Here’s Yahoo Finance’s Thursday morning wrap.
ASX: The ASX is expected to open higher on Thursday as investors wait for jobs data and the Government’s budget update.
Wall Street: Wall Street had a mixed finish as investors waited for movement on a stimulus package. They also weighed up new data showing shoppers were spending less.
The Dow Jones Industrial Average finished down 0.15 per cent, at 30,154.54, the S&P 500 climbed or 0.18 per cent, at 3,701.17. The Nasdaq Composite was up 0.50 per cent, at 2,658.19.
Bitcoin: Bitcoin has broken through US$20,000 (AU$26,440) for the first time ever as investors bought up the cryptocurrency during Covid-19.
It’s now gained more than 170 per cent this year. Here’s what’s going on.
Jobs: Australia’s latest unemployment figures will be released on Thursday and economists are tipping a significant increase in the number of employed people. However, they don’t think the figures will be quite as rosy as October’s.
Budget update: The Government will hand down its mid-year economic and financial outlook today. Lower unemployment and a smaller deficit are both expected to be features of the budget update.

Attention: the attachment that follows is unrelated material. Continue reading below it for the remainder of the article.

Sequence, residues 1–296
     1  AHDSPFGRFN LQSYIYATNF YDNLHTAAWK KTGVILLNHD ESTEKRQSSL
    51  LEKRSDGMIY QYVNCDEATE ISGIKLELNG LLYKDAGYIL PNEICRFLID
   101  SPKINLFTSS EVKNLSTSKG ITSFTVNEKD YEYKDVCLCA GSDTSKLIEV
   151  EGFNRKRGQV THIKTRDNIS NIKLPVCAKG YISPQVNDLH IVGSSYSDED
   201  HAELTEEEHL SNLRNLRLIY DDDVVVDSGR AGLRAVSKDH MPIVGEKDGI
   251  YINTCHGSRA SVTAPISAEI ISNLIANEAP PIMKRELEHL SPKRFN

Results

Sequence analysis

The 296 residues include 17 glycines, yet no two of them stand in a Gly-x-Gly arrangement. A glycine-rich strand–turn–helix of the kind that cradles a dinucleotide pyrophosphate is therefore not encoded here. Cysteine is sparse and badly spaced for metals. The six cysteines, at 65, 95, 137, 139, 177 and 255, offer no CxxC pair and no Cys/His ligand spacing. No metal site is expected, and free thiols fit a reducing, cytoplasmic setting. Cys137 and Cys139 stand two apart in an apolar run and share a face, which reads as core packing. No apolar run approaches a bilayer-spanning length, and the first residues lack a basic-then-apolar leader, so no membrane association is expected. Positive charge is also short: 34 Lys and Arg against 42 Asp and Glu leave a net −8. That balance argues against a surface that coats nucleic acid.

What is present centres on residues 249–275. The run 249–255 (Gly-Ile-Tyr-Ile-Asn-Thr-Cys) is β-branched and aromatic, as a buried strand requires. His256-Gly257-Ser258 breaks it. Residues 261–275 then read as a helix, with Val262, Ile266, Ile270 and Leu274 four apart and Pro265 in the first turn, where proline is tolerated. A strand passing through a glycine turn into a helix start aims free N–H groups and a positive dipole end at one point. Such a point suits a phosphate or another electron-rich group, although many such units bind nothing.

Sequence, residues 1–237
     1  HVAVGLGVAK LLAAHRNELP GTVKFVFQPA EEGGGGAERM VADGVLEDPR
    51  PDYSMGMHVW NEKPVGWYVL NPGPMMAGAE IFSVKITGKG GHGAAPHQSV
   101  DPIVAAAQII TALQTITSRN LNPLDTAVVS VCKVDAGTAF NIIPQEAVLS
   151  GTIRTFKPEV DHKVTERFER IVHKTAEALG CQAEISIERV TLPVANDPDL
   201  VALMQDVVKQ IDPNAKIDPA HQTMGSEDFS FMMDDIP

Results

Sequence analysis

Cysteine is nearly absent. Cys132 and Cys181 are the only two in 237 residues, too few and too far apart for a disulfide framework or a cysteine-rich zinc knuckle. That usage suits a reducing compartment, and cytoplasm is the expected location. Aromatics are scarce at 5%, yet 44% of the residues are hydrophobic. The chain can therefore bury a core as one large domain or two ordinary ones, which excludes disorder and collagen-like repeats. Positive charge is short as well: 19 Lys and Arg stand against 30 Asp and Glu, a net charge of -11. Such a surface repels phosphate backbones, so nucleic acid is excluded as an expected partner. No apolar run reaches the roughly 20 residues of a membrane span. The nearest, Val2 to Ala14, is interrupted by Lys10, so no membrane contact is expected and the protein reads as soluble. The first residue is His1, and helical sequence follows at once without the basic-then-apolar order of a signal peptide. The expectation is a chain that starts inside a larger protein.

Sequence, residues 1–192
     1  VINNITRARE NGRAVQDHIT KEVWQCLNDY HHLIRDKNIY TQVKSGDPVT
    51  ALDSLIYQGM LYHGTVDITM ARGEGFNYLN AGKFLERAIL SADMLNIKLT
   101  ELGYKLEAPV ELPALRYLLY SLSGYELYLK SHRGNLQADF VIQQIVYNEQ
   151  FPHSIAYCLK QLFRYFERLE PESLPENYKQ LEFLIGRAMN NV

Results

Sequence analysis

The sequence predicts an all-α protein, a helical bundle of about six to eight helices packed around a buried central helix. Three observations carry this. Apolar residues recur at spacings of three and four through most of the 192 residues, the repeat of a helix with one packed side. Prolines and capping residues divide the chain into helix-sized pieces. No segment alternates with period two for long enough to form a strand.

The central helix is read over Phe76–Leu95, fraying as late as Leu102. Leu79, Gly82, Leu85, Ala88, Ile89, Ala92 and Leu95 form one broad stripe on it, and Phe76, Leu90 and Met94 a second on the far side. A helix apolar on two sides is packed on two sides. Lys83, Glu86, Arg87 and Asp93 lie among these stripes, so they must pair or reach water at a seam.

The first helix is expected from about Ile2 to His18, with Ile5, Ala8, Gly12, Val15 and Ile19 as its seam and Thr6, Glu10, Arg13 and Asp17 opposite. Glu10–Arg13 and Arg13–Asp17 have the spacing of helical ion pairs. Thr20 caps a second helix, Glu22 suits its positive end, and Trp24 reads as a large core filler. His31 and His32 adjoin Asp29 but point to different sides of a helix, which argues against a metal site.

Mining jobs: A new report has found 24,000 jobs could be established over around 100 oil, gas and mining projects due to start in the next five years.
Most of the jobs are linked to coal and iron ore.
Honda: The manufacturer is recalling 1.79 million cars around the world, including the 2002-2006 model year CR-V vehicles. Defects in this vehicle had been linked to fires.
It’s also recalling some Accord, Accord Hybrid and Insight vehicles.
Crown: Crown Resorts will be able to open its Sydney complex, although will have to do so without its casino after failing to secure it from the gaming regulator.
Crown said it plans to begin opening operations from 28 December.
Xinja: Neobank Xinja has shut up shop in Australia, naming tough Covid-19 conditions as the nail in the coffin. Here’s what happens next for customers.
Business reminder: Businesses have been urged to check if they’re eligible for an insurance payout after the horror year.
“Restaurants, bars, gyms, dance studios and businesses offering public facing services who lost money as a result of Covid-19 may be able to go ahead with a business interruption insurance claim,” law firm Slater and Gordon senior associate James Hunter said.
Highest-paid celebs: And Forbes has named the world’s highest-paid celebrity. Kylie Jenner took out first place, making US$590 million in 202, followed by Kanye West, Roger Federer and Cristiano Ronaldo.
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